Still, even with the potential for different interpretations of the targets, they make the agencies accountable for diversity hiring and have many shops panicking about how they're going to make their numbers, a task they say is particularly challenging at the executive level where their poor hiring record is coming back to haunt them.

Realizing that this is now serious enough business to require a structural as well as cultural shift, Mr. Gray has taken several steps to make sure Ogilvy isn't left behind. One tactic he is employing to ensure that its senior employees champion diversity consistently: tying attainment of corporate-diversity goals to performance reviews and pay. "You've got to ask leaders to make it a priority," said Mr. Gray. ( DraftFCB is doing the same.)

Culture assessment
Mr. Gray's involvement in diversity started several years ago. Sensing that Ogilvy needed to beef up its performance, the agency hired consultant FutureWorks to assess the company's culture and programs, and make recommendations for improvement. Like most large agencies, Ogilvy participated regularly in industry internship programs such as the American Advertising Federation's Most Promising Minority Students Program. In addition, its recruiters attended annual recruitment fairs at historically black colleges and career events targeting minority students. But those efforts weren't sufficient.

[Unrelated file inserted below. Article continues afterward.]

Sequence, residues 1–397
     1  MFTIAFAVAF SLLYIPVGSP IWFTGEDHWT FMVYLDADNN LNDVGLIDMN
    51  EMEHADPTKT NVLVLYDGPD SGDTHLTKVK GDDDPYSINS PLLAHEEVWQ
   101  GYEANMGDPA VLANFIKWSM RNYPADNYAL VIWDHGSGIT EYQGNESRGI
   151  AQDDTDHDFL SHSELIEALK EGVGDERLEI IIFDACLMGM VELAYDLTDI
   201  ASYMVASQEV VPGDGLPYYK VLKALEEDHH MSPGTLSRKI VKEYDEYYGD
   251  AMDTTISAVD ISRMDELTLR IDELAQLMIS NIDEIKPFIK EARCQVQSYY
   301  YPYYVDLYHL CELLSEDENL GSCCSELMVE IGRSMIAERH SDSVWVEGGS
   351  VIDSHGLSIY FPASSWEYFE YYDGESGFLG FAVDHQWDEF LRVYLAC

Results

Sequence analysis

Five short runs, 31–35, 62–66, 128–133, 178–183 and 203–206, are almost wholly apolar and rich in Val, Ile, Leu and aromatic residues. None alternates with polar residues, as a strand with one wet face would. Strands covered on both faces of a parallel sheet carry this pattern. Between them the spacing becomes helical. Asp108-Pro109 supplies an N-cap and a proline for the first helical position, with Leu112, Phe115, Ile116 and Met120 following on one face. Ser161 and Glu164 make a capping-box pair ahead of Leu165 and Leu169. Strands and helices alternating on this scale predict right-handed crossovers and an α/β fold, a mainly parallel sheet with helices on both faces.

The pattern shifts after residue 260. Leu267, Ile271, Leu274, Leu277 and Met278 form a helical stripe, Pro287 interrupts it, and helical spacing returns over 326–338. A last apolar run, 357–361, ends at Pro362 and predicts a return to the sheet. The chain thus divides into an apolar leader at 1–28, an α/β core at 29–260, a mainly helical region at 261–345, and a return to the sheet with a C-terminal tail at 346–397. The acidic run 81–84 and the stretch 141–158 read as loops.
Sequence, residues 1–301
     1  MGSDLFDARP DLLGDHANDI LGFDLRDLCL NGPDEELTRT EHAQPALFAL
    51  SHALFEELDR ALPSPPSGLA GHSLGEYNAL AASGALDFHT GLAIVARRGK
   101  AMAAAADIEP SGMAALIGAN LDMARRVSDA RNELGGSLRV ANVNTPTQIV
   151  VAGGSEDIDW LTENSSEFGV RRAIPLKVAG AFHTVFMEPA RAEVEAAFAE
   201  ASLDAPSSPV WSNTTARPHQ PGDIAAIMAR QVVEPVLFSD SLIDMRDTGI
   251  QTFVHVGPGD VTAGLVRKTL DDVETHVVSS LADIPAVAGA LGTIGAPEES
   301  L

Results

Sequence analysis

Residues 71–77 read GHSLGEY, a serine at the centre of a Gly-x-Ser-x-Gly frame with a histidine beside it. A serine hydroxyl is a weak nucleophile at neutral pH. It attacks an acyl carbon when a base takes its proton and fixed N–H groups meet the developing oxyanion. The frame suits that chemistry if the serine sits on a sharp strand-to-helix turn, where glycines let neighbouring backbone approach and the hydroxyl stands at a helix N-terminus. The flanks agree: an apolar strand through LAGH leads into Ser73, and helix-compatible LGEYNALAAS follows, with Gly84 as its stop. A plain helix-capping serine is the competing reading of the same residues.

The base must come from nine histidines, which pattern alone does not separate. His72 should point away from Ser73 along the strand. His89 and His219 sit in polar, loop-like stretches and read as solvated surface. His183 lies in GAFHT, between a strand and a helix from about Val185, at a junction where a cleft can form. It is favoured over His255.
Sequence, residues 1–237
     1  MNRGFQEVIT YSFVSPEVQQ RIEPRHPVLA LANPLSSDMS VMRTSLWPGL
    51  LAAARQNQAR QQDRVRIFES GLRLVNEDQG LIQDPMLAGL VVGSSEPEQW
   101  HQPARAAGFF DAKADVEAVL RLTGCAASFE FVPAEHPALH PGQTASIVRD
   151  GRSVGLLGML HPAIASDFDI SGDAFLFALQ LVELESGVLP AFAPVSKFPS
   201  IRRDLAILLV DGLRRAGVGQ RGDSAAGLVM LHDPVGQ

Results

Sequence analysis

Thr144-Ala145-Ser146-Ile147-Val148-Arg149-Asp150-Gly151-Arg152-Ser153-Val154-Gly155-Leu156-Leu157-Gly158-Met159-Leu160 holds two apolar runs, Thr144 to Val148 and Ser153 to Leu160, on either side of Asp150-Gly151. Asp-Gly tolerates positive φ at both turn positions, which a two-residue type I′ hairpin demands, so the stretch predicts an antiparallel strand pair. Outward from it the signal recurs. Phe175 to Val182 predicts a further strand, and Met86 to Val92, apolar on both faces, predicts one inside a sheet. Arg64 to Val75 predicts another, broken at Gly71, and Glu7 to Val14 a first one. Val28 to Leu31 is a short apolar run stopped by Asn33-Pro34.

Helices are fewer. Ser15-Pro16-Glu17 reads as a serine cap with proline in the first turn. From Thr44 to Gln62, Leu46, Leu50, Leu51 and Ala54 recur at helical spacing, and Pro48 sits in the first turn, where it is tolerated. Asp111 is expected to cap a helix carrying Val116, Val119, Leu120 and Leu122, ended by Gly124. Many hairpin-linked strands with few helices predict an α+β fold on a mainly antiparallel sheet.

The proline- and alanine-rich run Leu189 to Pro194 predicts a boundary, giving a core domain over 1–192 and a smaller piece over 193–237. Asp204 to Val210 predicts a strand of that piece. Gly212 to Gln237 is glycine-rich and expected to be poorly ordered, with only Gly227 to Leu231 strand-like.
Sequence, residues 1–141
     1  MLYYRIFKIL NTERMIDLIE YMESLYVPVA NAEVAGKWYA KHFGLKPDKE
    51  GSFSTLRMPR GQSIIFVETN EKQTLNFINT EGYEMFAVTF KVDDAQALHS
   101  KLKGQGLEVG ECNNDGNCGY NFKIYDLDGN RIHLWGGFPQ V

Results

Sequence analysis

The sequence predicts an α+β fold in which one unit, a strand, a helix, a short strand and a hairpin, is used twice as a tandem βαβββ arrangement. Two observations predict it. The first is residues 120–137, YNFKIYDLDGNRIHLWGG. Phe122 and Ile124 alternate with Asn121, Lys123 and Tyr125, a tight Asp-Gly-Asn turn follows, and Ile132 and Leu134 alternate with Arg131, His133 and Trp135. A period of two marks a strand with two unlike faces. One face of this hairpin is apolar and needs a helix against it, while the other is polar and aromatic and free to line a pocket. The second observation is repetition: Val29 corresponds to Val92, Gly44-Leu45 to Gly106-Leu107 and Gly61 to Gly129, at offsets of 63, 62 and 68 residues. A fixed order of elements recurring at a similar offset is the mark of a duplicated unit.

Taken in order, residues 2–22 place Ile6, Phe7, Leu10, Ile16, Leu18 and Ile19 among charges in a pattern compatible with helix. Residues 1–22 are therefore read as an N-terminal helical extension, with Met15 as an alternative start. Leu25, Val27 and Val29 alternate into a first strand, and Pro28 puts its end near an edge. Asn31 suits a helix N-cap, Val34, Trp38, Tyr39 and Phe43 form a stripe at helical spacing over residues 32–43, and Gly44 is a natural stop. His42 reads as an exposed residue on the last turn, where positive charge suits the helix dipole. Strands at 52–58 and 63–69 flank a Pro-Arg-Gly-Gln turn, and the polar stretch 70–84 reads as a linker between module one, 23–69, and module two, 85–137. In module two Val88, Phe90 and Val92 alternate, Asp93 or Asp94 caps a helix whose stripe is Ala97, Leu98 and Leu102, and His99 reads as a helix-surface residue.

Hiring minorities, particularly mid- and senior-level employees, into the business is tough for several reasons. "You've got to have senior, visible minorities who can act as validation" that the industry has opportunities, said Mr. Gray.

Renetta McCann